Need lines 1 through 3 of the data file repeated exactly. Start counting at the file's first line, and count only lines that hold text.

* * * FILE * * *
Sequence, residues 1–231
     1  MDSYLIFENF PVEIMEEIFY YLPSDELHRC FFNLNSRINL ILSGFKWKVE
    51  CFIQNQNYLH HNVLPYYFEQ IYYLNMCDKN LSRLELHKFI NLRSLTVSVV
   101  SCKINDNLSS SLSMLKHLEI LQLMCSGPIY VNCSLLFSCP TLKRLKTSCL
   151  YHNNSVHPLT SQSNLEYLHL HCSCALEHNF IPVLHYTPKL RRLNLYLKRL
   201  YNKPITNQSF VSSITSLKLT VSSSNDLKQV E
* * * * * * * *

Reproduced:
Sequence, residues 1–231
     1  MDSYLIFENF PVEIMEEIFY YLPSDELHRC FFNLNSRINL ILSGFKWKVE
    51  CFIQNQNYLH HNVLPYYFEQ IYYLNMCDKN LSRLELHKFI NLRSLTVSVV